Daniel Holt, Barbara Chips, and Diane Wallace (1991) recognize the possible benefits of cooperative learning in linguistically and culturally diverse classrooms.6 Holt, Chips, and Wallace suggest that English Language Learners (ELL) need “the maximum amount of time possible for comprehending and using the English language in a low-risk environment in order to approach the language proficiency of their peers.”7 By utilizing cooperative learning groups, teachers offer ELLs the opportunity to interact with students who are proficient in English language skills. Furthermore, because ELLs are not usually provided with content-area classes taught in their primary language, they often struggle with the difficult academic material. Cooperative learning groups enable them to work in a team with other students who have already gained proficiency with the language. This group dynamic not only provides a supportive environment for learning new content and acquiring English language skills, but also helps to foster friendships and social development.

Cooperative Learning in the Classroom

Teachers are often afraid to implement cooperative learning in the classroom because it requires them to give up some control. However, this method of instruction has been shown to increase student communication skills and academic achievement if done correctly. Here are tips for effectively implementing cooperative learning into the instructional program.

Spencer Kagan (1989) recommends that teachers use the “structural approach” to cooperative learning, which involves “content-free ways of organizing social interaction in the classroom.”8 Kagan explains that structures require a series of steps to be implemented into the group dynamic. Kagan lists well-known structures that have been successfully used in multiple grade levels and subject areas9:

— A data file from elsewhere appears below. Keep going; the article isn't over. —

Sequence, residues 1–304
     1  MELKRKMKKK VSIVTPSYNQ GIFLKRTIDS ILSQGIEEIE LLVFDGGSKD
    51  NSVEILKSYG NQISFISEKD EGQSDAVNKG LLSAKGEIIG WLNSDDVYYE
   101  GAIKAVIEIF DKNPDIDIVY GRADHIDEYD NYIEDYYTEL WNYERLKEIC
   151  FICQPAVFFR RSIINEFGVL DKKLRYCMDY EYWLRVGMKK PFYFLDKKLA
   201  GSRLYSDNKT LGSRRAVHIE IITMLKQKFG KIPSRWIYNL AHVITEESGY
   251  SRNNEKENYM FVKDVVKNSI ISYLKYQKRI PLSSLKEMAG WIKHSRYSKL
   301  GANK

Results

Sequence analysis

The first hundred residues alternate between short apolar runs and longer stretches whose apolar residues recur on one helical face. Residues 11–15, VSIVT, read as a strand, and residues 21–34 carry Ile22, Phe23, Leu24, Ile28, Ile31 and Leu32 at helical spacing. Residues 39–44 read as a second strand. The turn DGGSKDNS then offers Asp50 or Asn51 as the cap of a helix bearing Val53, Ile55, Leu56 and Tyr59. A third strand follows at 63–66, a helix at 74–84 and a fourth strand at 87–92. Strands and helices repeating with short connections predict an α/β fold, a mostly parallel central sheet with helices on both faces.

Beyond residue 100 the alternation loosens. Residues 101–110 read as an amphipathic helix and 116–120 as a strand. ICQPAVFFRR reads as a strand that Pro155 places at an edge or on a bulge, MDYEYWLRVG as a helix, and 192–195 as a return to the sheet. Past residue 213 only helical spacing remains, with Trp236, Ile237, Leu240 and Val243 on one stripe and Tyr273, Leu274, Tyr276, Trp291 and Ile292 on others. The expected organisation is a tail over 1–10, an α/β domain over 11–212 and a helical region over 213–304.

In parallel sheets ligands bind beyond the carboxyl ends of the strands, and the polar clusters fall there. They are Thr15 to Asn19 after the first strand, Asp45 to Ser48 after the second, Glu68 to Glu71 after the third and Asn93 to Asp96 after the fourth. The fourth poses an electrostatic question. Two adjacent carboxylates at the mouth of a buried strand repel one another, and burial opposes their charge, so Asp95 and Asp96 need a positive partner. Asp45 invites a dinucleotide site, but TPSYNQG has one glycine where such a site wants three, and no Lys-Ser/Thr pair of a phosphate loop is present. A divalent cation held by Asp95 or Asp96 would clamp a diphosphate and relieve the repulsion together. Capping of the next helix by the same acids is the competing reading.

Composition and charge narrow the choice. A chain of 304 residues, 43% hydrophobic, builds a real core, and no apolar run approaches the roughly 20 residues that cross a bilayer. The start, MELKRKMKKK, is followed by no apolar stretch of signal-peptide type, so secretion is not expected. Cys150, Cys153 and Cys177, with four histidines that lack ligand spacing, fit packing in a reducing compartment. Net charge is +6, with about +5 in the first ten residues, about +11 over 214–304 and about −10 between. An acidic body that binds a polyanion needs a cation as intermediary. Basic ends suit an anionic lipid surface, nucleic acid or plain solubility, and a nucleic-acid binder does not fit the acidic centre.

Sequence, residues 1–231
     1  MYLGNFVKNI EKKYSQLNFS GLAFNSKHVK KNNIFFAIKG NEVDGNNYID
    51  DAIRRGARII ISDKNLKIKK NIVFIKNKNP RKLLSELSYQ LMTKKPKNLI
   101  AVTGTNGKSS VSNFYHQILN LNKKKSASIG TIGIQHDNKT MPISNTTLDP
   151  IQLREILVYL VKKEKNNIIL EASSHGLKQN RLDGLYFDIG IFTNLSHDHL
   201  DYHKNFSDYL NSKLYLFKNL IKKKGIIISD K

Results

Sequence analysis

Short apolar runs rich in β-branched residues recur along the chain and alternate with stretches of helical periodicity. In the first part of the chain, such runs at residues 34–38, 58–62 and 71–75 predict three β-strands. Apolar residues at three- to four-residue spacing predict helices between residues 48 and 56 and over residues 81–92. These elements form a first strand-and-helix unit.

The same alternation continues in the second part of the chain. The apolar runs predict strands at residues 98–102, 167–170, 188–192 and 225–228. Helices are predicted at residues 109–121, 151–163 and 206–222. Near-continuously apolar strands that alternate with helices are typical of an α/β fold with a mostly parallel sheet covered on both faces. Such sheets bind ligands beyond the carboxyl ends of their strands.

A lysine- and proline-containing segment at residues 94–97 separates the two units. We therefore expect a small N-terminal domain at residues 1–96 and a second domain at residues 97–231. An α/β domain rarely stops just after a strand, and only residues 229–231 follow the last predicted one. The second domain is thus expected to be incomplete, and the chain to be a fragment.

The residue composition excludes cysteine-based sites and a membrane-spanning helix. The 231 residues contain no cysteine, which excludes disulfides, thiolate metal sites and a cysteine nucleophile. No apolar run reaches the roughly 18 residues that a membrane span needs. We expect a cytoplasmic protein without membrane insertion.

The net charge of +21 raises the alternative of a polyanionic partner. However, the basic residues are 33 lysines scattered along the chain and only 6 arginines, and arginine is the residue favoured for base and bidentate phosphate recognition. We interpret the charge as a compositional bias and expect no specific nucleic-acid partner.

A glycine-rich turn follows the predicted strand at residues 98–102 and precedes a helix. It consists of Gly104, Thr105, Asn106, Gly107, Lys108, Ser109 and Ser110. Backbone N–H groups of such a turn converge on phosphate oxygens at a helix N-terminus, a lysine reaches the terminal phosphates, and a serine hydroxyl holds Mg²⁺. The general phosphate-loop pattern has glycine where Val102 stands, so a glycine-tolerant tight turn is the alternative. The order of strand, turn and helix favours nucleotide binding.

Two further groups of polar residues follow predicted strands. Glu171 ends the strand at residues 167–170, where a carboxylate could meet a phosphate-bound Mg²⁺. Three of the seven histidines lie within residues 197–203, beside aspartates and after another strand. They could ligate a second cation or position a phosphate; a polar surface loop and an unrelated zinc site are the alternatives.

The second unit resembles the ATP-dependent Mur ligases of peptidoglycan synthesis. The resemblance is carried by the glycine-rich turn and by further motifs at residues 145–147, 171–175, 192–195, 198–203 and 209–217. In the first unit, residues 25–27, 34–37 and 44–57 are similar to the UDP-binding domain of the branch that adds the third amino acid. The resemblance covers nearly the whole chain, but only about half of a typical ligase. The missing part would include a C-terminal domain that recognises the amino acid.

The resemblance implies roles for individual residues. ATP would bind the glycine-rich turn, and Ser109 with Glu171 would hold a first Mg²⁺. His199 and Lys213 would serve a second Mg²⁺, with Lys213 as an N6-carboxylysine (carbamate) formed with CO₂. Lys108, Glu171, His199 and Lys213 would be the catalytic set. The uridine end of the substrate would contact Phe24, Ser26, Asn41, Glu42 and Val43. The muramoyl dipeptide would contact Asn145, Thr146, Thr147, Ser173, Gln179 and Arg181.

“The Power of One”

“The Power of One” is a cooperative learning method that facilitates positive interdependence.10 Elements of this method include the following:

  • Group members work toward one common goal (i.e. completion of a graphic organizer, creating a poster, reading a story).
  • Each member of the group is assigned one role to ensure accountability (i.e. materials, illustrator, reporter, recorder).
  • Limit students use of materials to create the necessity for working together (i.e. one pair of scissors, one piece of paper).
  • Give students one specific space in which to work together.

The Key Elements of Cooperative Learning

According to James A. Duplass (2006), the following are the most commonly found characteristics of cooperative learning:11

  • Teacher supervision—the teacher should always monitor group activity to ensure that students are not veering too far off task. The teacher should also be available to answer student questions and guide discussion if necessary.
  • Heterogeneous groups—the teacher creates groups of diverse ability levels and backgrounds.
  • Positive interdependence—by setting group goals and working towards a reward or final learning outcome.
  • Face-to-face interaction—students are encouraged to use verbal and nonverbal communication to solve problems and explain learning material.
  • Individual accountability—students are accountable for their tasks and for assisting the whole group meets learning goals. This accountability is enforced through student roles.
  • Social skills—the teacher needs to establish rules so that all students are respectful, speak in a manner appropriate to the classroom setting, and utilize their time wisely during group interaction.
  • Group processing—students engage in reflection on how the group functioned during activity.
  • Evaluation—all activities should include both individual and group assessment.